If you’re thinking of doing your first triathlon but don’t have a triathlon bike, what do you do?
Maybe you only have a knockaround commuter bike or hybrid in the garage. You might feel self-conscious about it and wonder if you’ll look out of place.
A big question often asked is if a commuter, hybrid or mountain bike can be used in a triathlon. The short answer is YES.
But there’s a few dependencies…
This article tells you how to use any bike, within reason, to make your triathlon debut.
What Is A Typical Triathlon Bike?
A triathlon bike is one which places you in an aerodynamic position. It reduces your frontal area by putting your arms directly in front of the torso. It also promotes a lower torso position.
Below are some of the characteristics of a triathlon bike.
The geometry of a triathlon bike is aggressive, but it’s not as aggressive as a TT bike.
A chief difference between a triathlon bike and a road bike or a TT bike lies in the seat tube angle (STA). A triathlete will often prefer a steeper STA because it’s proven to help the transition between biking and running. It’s easier on the hamstrings.
The seat tube angle in a dedicated triathlon bike may be between 78 and 80 degrees, compared to 70 and 76 degrees in a road or TT bike.
A triathlon bike will typically have a shorter top tube length than a road bike, and a lower head tube. Compared to a TT bike, a triathlon bike allows more for comfort and favors a slightly higher rider position.
You might not “slam the stem” on a triathlon bike for the above reason. How low the front of the bike should be depends on the length of the ride and how long you can tolerate the position. Discomfort will slow you down.
Another chief difference between a triathlon bike and a road bike is the handlebar. The former has what is known as “tri bars” or “aero bars”.
On a dedicated triathlon or TT bike, the handlebar won’t have drops like a road bike. A base bar houses the brakes and the all-important bar extensions that stick out from the center.
Two pads positioned at the rear of the bar extensions (atop the base bar) support some of the rider’s weight as he/she leans forward into an aero position.
Riders will hold the two bar extensions on flat stretches of road to achieve the most aero position possible. Only when cornering or negotiating hills will they usually come off the extension bars for access to brakes and better control over steering.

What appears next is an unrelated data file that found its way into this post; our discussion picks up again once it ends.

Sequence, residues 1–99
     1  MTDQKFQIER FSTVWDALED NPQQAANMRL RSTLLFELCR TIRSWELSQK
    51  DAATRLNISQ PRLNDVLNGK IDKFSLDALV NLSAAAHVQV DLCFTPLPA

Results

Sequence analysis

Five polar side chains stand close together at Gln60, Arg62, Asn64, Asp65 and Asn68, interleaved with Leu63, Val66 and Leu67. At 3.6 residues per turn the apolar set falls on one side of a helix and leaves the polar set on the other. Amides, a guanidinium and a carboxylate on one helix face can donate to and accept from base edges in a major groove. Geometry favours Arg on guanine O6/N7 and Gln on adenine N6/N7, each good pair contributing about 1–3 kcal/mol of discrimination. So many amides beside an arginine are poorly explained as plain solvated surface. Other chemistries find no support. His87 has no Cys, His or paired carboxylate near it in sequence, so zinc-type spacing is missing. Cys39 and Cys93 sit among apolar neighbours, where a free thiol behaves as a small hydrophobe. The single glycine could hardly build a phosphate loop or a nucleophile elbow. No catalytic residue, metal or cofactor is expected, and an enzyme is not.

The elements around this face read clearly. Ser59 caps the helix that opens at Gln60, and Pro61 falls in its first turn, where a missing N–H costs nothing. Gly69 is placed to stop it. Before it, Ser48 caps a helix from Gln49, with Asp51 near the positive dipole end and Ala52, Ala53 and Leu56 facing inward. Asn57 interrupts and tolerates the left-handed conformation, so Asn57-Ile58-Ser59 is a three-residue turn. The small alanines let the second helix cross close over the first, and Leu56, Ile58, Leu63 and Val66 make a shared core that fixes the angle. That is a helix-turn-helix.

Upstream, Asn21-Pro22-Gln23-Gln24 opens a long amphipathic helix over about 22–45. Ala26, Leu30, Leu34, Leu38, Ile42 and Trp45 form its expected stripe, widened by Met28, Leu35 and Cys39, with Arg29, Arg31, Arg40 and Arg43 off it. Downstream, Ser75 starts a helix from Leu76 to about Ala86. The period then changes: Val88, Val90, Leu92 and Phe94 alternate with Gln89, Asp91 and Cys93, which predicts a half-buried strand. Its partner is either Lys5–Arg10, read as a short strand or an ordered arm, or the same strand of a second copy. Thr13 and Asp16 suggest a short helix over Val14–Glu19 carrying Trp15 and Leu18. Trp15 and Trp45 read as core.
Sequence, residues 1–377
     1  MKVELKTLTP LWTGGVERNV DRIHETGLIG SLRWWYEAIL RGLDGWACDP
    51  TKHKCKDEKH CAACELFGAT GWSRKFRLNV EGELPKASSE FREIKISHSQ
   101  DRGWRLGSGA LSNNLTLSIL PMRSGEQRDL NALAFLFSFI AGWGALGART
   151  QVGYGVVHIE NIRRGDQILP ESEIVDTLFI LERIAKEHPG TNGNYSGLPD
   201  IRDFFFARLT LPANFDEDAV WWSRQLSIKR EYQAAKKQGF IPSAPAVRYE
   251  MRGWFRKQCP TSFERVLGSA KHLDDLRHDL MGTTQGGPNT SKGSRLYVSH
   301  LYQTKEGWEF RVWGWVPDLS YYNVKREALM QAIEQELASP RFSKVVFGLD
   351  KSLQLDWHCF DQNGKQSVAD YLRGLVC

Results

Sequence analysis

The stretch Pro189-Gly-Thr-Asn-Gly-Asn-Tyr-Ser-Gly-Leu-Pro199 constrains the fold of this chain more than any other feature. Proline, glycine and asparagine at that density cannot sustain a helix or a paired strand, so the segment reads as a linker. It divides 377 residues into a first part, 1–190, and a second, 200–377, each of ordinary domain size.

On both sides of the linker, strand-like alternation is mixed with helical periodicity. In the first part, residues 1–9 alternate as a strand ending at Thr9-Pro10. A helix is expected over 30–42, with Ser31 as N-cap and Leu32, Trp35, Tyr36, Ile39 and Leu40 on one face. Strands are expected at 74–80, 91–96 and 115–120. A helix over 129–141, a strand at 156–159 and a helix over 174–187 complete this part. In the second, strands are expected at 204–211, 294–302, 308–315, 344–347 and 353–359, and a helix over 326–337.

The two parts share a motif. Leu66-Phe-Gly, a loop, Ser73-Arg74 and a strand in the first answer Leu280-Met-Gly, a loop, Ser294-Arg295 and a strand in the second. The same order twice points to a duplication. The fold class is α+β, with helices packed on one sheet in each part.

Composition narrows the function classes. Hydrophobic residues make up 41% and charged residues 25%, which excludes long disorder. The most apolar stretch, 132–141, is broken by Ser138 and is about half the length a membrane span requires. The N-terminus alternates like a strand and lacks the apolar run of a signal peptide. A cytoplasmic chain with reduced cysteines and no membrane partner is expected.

The saddle on a triathlon bike may also differ wildly from most other saddles. Like the saddle of a TT bike, it will be designed for a pelvis that is rotated forward.
Rotating the pelvis forward for a low position on the bike makes the rear points of contact narrower. Rather than resting on the saddle at the “sit bones” (ischial tuberosity), a triathlete engages with it at the pubic rami, further into the pubic arch.
The described forward position potentially places more pressure on the soft tissues of the perineum. A triathlon saddle has to mitigate for this in its design and allow for the narrower points of contact.
How will a triathlete’s saddle look, then? Here are some typical attributes:
- Shorter – a triathlete is unlikely to sit in a rearward position or change position as much on the bike. Thus, the saddle will often be shorter.
- Cutout – there is a pressure-relief channel or cutout in triathlon saddles to relieve perineum pressure. Cutouts often extend to the nose (front) of the saddle.
- Shape – there is likely to be more width towards the front of the saddle and less at the rear, in line with the rotated rider position.
- Nose – the nose of a triathlon or TT saddle will typically be more padded than that of a regular saddle. It may also be reinforced to support more weight.
- Padding – overall padding may be denser than many road saddles, as triathletes wear shorts with a thinner chamois or no chamois at all.
It’s worth noting that saddles are still a personal thing, even when they’re designed for a specific type of riding. Some will need a wider saddle for adequate support at contact points. Others will need a narrower saddle for sufficient thigh clearance.
Video: Saddles For Triathletes
How You Can Set Up A Hybrid Or Commuter Bike For A Triathlon